“Memory informs, but it’s not where you live,” said Sarah Rosenkrantz, Berkeley High School librarian.
This concept is key to Afrofuturism, a genre of literature where the perspectives, experiences, and culture of Black artists and writers are celebrated within the realms of science fiction.
“Afrofuturism is moving away from the singular narrative of Black History Month being located in the past in the history of enslavement and in the history of colonialism,” Rosenkrantz said. “Folks are writing themselves into the future, creating diverse narratives that build on Black thought, Black mythologies, and make future predictions in science fiction.”
Dive into five book recommendations from Rosenkrantz that explore alternate visions of the future rooted in African Diaspora.
In “The Fifth Season” by N.K. Jemisin, the world is ending for the final time. A beautiful blend of science fiction and fantasy, “The Fifth Season” follows the experiences of Essun, a mother and survivor, as she braves an apocalyptic world of magic and murder to find her daughter. “This book takes place far in the future on a planet ravaged by environmental abuse and extreme climate chaos,” Rosenkrantz said. “The presence of generational and collective trauma is explored, as well as ways that people band together in extreme circumstances and find ways to navigate oppressive social structures.”
“Parable of the Sower” by Octavia Butler is a foundational text in Afrofuturism. Writing before the term even existed, Butler was a “barrier breaker who dominated the realm of science fiction,” Rosenkrantz said. “Parable of the Sower” was published in 1993 but takes place in California from 2024 to 2027. The book follows the protagonist, Lauren Olamina, as Los Angeles falls to ruin amidst climate catastrophe and economic collapse. Though it can pose a challenging read, themes of hope and community shine through Butler’s work, making “Parable of the Sower” an important and timely read as we move through the 2020s and beyond.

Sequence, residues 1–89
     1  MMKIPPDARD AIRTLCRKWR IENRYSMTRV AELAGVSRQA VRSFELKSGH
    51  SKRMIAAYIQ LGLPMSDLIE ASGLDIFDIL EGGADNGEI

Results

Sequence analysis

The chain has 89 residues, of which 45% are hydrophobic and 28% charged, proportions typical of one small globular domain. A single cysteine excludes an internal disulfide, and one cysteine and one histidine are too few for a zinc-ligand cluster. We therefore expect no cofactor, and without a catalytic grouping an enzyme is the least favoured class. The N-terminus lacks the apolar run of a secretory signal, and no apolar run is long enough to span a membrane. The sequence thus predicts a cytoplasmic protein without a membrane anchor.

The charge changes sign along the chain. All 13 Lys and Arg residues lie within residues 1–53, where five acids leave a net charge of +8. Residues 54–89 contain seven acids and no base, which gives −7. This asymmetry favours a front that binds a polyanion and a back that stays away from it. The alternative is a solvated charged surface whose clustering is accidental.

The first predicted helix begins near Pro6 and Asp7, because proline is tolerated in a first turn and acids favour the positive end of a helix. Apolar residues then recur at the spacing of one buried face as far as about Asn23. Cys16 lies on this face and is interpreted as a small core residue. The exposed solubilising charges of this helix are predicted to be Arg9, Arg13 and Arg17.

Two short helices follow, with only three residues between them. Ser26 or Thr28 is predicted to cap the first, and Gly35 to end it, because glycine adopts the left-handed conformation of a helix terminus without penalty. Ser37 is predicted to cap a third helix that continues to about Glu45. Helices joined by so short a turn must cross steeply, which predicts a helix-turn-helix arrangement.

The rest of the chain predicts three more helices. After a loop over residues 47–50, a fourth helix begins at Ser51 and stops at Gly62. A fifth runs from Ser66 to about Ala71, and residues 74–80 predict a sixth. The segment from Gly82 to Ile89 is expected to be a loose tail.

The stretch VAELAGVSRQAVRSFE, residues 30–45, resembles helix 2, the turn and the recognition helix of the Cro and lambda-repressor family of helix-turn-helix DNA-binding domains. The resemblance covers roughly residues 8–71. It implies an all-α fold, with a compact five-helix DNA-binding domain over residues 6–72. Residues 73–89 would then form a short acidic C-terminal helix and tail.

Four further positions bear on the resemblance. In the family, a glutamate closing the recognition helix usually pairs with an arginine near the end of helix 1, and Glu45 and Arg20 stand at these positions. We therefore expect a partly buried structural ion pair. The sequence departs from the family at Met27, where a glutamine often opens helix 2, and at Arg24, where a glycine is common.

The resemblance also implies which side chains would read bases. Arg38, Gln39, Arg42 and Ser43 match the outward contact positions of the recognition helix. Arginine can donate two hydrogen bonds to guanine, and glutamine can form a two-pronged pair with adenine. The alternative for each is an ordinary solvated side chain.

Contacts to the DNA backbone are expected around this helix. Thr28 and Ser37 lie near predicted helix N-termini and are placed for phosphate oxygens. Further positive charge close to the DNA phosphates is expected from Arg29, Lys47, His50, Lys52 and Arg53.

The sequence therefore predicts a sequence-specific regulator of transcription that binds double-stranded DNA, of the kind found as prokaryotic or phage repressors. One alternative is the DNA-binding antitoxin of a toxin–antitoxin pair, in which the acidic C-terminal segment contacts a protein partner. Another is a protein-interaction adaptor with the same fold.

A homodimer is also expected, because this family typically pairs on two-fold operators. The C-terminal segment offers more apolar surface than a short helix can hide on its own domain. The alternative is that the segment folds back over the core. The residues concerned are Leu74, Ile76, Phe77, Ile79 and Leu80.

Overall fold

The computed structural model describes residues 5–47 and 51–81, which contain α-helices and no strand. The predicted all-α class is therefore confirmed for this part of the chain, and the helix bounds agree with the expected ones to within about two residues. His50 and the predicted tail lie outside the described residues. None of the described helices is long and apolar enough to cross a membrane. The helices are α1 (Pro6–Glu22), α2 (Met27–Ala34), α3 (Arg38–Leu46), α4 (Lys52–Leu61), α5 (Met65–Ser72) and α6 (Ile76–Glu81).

“The Deep” by Rivers Solomon tells the story of Yetu, the sole holder of her people’s traumatic memories. Yetu is part of an underwater society descended from enslaved African women who were thrown from ships during the transatlantic slave trade. The book was inspired by BHS alumni Daveed Diggs, who wrote a song with the same title. “Memory is a main motif in Afrofuturistic writings,” Rosenkrantz said. “While memory and history roots (writers) in a particular historical experience, they’re using that historical experience to shape a future.” Solomon delves into memory, and how one must reclaim history to shape the future.
“Afrofuturism is not limited to the written word, but can be expressed in a diversity of art forms,” Rosenkrantz said. Similarly to Solomon’s “The Deep”, Janelle Monáe’s short story collection “In the Memory Librarian: And Other Stories of Dirty Computer”, is based on the world of her 2018 music album “Dirty Computer”. An Afrofuturistic and cyberpunk collection, Monáe’s short stories explore themes of memory, censorship, race, and sexuality. Science fiction allows readers to teleport to new realities but has historically ignored the diverse cultures and people who make up the world, and Afrofuturism works to combat that.
“Black Panther: Tales of Wakanda” is an anthology made up of 18 short stories from authors across the African Diaspora. Each narrative dives into the different lives of the people and places of Wakanda, the home of T’challa (king of the region and superhero known as Black Panther). “Black Panther: Tales of Wakanda” is an incredible and relevant example of “taking about things that are rooted in African cultures and pushing them out technologically speaking into the future…as opposed to using a white cultural narrative to predict into the future,” Rosenkrantz said.